• Radiation Therapy: Radiation therapy is a popular treatment for lung cancer, but it does come with side effects.
  • Photodynamic therapy (PDT), Radiofrequency ablation (RFA), Non-Small-Cell Lung Cancer Treatment are some of the other treatments for lung cancer.

Several different types of medications are used to combat cancer pain.

Lung Cancer Causes & Statistics

  • It is said that about 90 percent of lung cancer is because of tobacco use. The risk increases with number of cigarettes.
  • Pipe and cigar smoking can also cause lung cancer.
  • Passive Smoking or the inhalation of tobacco smoke from other smokers is also an established risk factor for the development of lung cancer.
  • Asbestos fibers are known to cause lung cancer and is banned or limited at many workplaces.
  • Lung cancer is also influenced by genetics, in both smoking and non-smoking relatives of those who have had lung cancer than in the general population.

Chicken Pox : Be Informed

Chickenpox is a viral infection that causes itchy red blisters all over the body, along with fever. Once a person contracts chickenpox, it is unlikely that it might occur again.


Chickenpox is caused by a virus named varicella zoster virus. Contagious in nature, the infection can pass on until all blisters have crusted over and spreads through saliva, coughing, contact with blisters and sneezing.

High-risk factors

  • Contact with an infected individual
  • Chickenpox is usually seen more in children
  • People with a weak immune system due to any illness / medication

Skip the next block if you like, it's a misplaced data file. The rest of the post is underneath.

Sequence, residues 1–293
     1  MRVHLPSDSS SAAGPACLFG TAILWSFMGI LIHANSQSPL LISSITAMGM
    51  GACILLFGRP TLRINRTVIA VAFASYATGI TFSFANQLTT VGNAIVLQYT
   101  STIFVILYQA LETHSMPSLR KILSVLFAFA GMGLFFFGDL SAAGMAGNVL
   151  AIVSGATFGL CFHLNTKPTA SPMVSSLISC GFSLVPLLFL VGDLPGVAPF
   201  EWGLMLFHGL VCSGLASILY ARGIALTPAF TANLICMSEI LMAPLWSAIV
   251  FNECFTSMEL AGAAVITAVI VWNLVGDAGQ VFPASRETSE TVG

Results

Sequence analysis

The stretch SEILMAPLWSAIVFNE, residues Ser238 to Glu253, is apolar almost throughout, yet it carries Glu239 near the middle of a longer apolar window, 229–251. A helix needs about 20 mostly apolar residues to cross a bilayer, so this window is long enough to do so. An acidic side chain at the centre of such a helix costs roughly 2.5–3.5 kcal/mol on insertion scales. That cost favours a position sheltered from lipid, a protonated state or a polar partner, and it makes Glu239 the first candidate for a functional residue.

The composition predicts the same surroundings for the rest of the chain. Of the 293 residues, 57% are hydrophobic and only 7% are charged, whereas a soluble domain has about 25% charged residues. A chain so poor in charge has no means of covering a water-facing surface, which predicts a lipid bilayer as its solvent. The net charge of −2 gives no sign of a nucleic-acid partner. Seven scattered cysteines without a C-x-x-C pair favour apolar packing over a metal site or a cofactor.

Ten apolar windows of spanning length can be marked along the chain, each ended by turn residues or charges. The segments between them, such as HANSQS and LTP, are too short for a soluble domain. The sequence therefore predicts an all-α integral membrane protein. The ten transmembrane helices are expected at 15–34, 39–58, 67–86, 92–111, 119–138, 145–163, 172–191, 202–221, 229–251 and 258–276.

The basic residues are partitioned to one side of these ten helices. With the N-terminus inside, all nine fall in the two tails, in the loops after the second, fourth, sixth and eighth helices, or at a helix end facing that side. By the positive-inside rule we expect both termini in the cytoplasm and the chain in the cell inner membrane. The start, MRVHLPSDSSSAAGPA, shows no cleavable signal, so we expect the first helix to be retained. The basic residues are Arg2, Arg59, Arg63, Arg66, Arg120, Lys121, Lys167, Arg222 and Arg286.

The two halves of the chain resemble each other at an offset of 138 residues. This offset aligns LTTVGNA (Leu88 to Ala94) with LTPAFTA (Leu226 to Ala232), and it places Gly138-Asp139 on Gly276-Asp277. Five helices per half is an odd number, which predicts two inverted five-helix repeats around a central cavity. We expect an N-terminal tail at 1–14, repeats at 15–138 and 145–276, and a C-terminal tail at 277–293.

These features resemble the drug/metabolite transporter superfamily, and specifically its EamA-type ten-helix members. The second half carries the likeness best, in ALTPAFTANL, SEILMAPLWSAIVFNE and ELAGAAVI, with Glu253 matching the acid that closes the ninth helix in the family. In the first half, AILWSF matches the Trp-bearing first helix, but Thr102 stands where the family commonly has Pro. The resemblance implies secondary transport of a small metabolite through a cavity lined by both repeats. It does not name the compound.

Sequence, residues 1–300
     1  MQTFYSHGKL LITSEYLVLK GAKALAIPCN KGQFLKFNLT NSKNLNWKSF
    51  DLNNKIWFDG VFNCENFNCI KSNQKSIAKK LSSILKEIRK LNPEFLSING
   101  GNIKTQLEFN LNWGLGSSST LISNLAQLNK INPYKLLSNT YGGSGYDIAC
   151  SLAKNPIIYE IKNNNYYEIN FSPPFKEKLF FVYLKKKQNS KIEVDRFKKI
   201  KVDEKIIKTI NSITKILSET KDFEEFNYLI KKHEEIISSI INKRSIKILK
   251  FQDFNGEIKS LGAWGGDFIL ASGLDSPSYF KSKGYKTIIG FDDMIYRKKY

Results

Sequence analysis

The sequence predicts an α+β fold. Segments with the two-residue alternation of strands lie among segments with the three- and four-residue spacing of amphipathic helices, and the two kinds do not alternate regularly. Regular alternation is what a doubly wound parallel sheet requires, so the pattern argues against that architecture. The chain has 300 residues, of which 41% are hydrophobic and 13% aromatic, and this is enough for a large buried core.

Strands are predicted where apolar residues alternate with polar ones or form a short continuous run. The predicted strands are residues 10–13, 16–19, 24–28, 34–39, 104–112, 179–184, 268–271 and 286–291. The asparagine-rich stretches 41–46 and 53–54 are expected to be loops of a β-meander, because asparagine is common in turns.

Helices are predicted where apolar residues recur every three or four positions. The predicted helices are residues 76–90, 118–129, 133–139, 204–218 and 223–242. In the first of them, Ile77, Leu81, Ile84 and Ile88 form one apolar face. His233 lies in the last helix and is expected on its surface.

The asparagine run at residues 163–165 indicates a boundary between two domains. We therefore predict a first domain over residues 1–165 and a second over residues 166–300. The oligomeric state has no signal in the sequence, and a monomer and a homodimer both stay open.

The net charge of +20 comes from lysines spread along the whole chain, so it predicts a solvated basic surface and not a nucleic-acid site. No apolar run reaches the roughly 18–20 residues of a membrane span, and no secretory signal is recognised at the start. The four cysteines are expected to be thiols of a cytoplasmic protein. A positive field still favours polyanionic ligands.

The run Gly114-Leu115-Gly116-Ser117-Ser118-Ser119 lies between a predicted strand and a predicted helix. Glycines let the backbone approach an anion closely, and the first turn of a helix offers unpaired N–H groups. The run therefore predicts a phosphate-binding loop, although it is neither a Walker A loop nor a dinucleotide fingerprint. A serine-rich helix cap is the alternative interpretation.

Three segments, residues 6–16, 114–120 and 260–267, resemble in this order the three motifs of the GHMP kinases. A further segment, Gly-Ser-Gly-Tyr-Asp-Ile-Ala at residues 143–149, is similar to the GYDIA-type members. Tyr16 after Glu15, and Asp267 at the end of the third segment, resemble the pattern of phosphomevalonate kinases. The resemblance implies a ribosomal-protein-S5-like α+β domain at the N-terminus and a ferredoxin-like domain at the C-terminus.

• Clusters of red/ transparent fluid-filled blisters that appear all over the body
  • Fever
  • Sore throat
  • Cough
  • Stomach ache
  • Headache

If you notice any unexplained rash that is accompanied by the above symptoms or fever on yourself or anyone in your family, seek medical help immediately.

Pregnant women should mandatorily seek medical help as chickenpox infection can harm the foetus.

Managing the infection

  • Do not go to office/ public places to avoid infecting others
  • Parents are advised to keep their children out of school and daycare
  • Regular application of unscented lotion
  • Wear loose, soft cotton clothing
  • Maintain good hygiene habits at home to avert further infection
  • Wash bedsheets, bath linen and towels used by the infected person with hot water and disinfectants
  • Fumigate
  • Neem leaves are a natural antibacterial

Antiviral drugs may be prescribed to those who experience complications from the virus, or who are at risk for adverse effects. These patients are usually young children or elderly, or have underlying medical issues. Hospitalization may be needed in severe cases.


  • The chickenpox vaccine prevents chickenpox in 90 percent of children who are infected by it.
  • It is important to be cautious and keep distance by limiting contact with the infected people. This can be difficult as chickenpox cannot be identified by blisters unless it has been contagious for days.
  • Over the counter medications or ointments are prescribed to provide comfort from itching.
  • Pregnant women, children and child care workers need to be more careful as they are more prone to chickenpox.